The Imminent Doom of a New President
While season 1 of Fargo on FX was very influenced by the film it’s based on, the Coen brother’s 1995’s Fargo, a case can be made that season 2 has much more to owe to their 2007 masterpiece No Country for Old Men (my personal favorite film of theirs).
In season 1, the doofus in over his head over his head was Lester Nygaard (Martin Freeman), who was an incarnation of Fargo the movie’s Jerry Lundegaard (William H Macy). In season 2, the main sucker in over his head is Ed Blumquist (Jesse Plemons). His character is much more well-meaning. He does what he can to protect his family, but is not a bad guy; is not out for unfair personal gain; and is very likeable. In that sense, he is much more in line with No Country’s Llewelyn Moss (Josh Brolin). In season 1, Lorne Malvo (Billy Bob Thornton) is the almost immortal killing machine, but his sense of humor puts him much more in line with 95’s Fargo . Season 2’s Hanzee Dent (Zahn McClaron), who is a quiet sociopath, is much more reminiscent of Anton Chigurh (Javier Bardem).
No Country for Old Men takes place in 1980, and is theorized to be about the change that is coming from the 70’s to the 80’s. The final nail in the coffin of the hippie times and into the harsh reality of a new decade that are so grave that even the toughest guys are disposed of by the random forces of nature.
Season 2 of Fargo takes place just a year before, 1979, and is about the same changes, but more specifically, the changing of the guards from Jimmy Carter to Ronald Reagan.
This is pointed at strongly by Reagan’s character being in the show and played with a bumbling idiocy by legendary horror icon Bruce Campbell. For such a force of an actor to be in basically a cameo playing such a distracting character has to mean something. It doesn’t feel like it can be just excess fat done for fun.
While No Country was about the harsh realities of a deadly new world, Season 2 of Fargo is about the harsh realities of a new and more oppressive world to women (Peggy Blumquist, played by Kirstin Dunst), African Americans (Mike Milligan, played by Bookeem Woodbine) and Native Americans (the aforementioned Hanzee Dent).
**Now entering major spoiler territory**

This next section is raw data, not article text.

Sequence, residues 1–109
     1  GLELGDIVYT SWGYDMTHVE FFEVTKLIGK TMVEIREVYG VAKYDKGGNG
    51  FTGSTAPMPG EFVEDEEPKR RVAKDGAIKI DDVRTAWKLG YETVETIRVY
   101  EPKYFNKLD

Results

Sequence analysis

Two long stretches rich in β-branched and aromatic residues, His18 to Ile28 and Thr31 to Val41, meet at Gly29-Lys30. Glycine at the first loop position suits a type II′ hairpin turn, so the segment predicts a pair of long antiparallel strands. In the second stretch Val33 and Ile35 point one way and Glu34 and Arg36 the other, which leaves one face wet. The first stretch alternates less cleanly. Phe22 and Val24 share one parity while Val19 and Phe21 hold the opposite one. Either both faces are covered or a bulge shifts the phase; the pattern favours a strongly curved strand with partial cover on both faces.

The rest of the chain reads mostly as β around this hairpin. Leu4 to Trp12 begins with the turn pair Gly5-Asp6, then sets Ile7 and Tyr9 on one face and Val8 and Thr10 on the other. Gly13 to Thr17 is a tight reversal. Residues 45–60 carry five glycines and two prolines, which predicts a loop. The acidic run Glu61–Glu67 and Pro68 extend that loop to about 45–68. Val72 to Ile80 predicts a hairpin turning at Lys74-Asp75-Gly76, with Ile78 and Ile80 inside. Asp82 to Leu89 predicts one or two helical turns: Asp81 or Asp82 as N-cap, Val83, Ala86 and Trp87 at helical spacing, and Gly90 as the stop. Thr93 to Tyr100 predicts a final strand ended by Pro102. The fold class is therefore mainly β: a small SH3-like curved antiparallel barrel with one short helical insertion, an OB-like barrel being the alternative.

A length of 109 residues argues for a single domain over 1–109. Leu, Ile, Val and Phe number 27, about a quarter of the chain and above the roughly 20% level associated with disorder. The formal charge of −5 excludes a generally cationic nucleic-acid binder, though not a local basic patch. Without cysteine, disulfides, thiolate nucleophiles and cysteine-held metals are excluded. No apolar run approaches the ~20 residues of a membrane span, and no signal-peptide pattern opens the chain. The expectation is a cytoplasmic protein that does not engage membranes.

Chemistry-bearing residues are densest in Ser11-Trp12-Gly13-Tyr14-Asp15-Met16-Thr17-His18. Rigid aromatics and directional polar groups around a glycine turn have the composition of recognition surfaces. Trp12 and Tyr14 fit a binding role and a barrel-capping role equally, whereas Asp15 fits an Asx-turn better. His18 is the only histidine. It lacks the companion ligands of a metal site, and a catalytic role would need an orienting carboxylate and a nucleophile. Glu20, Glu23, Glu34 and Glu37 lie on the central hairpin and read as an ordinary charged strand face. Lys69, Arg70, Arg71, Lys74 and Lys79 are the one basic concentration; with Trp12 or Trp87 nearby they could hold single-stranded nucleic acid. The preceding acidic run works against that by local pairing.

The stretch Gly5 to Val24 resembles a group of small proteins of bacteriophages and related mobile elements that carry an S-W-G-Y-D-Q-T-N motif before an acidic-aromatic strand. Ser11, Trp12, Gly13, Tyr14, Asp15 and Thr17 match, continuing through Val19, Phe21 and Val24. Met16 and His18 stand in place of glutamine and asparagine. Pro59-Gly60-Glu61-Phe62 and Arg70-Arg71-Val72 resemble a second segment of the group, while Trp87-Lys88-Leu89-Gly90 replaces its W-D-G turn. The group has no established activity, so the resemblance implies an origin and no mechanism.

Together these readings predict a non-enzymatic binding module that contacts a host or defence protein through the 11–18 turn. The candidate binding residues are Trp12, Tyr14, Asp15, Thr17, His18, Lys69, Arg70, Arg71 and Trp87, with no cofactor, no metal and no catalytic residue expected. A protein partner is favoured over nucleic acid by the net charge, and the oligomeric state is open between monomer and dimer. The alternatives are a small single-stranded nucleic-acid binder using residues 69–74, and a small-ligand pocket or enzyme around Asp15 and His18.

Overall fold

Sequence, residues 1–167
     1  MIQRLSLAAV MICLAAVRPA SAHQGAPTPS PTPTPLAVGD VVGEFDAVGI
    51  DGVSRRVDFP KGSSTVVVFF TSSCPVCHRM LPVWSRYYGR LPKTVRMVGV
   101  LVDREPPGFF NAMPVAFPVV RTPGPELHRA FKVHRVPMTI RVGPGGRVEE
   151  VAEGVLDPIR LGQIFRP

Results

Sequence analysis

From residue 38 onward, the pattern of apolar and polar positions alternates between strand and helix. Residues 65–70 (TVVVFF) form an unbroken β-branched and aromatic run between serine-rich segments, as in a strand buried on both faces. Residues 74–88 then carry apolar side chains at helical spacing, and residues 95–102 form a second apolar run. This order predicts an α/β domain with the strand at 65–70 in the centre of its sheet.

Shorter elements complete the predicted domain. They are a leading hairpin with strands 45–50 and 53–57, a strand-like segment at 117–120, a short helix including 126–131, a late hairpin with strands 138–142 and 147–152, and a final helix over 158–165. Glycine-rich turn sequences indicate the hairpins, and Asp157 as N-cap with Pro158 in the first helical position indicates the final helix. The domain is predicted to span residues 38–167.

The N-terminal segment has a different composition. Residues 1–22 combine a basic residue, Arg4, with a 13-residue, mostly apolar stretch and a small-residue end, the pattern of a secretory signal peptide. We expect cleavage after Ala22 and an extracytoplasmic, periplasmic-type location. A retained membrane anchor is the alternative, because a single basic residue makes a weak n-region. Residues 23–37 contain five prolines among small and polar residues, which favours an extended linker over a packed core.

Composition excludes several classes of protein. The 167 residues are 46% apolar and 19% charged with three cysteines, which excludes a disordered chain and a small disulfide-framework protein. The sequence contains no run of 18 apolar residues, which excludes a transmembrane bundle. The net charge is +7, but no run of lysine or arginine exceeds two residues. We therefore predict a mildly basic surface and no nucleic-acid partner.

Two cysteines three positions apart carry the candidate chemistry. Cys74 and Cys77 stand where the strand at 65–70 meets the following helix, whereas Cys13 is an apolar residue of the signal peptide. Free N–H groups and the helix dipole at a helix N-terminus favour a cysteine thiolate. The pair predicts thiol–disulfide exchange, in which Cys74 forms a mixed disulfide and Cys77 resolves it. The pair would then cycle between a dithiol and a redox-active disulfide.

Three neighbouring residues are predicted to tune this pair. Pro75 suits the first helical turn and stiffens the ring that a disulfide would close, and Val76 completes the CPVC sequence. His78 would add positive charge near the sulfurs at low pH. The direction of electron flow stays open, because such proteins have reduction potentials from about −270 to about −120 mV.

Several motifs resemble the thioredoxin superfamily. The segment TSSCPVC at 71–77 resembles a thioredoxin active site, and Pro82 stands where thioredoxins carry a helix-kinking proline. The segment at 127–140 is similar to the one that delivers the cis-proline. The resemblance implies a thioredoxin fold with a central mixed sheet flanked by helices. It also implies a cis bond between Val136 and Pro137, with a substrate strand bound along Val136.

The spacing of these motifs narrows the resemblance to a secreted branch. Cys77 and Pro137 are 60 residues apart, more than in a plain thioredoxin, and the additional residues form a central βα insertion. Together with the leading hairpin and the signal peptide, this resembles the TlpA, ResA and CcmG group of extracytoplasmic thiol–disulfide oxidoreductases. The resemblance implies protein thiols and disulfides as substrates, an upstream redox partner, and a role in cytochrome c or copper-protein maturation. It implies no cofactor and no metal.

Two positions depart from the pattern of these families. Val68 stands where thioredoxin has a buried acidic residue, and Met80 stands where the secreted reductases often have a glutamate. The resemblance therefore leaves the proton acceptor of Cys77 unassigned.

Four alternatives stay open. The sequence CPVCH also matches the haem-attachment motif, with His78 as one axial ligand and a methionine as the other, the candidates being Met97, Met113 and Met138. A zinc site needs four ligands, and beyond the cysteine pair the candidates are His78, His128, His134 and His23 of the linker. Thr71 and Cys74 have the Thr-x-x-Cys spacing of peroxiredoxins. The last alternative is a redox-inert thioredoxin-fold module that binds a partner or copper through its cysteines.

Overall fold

All 3 of these characters survive the season, but are given a far more dire punishment than the victims who die. They now have to live in this new world. And all 3 are feeling desperate with their new realities.
The oppression of women was hinted at several other times in the season, most specifically when Simone Gerhardt (Rachel Keller) screams she is standing up for herself and not spending her time on her back anymore, before kneeing a detective in the crotch and making a run for it out of an elevator. But Peggy’s speech at the end in the car to the otherwise heroic Lou Solverson (Patrick Wilson) really brings home her feelings. She feels this pain and desperation and is promptly shut down by Solverson.
Hanzee, in in episode 8, decides he is ready for a new life. Possibly this happened in the bar where he has to shoot 3 racists who are making fun his heritage. Possibly it happened after. Or possibly it happened long before. It’s really hard to tell with him and his deafening silence. But it happened. And when he shoots his boss Dodd Gerhardt (Jeffrey Donovan) in the head and immediately asks Peggy for a haircut, he signals that he is ready for a change. Hanzee was raised by the Gerhardt family to become the killer he is. For him, there was no other way for him to have what he deems a normal life. But right before the clippers snip, his old identity is forced to remain on him with the presence of Solverson and sheriff Hank Larsson (Ted Danson), gunshots, and then the clippers stabbed into his shoulder by Peggy.
As for Mike Milligan, his death was set in stone by the mysterious character The Undertaker, who was hired by Milligan’s own boss to kill him. That is before Milligan turns the tables with the deadliest handshake imaginable. But in the end, he remains in his organization. Not on the street doing what he does best, killing. Rather stuck behind a desk. Working 9-5. For the man. For eternity.
Welcome to Reaganism.
Now this brings us to the elephant in the room. The UFO. You literally can’t talk about the season without mentioning an enormous UFO showing up in episode 9 at the most important time. Saving Lou from imminent death. Perhaps it’s important to keep in mind that Carter is the only US President who claims to have encountered a UFO in his life. He was mocked and ridiculed for it. Perhaps this is his presence and his last hurrah before a new era. And with another kind act, he helps dispose of the monstrous Bear Gerhardt (Angus Sampson), leaving the remaining characters to face what’s next. A task that even the Sioux Falls massacre couldn’t prepare them for.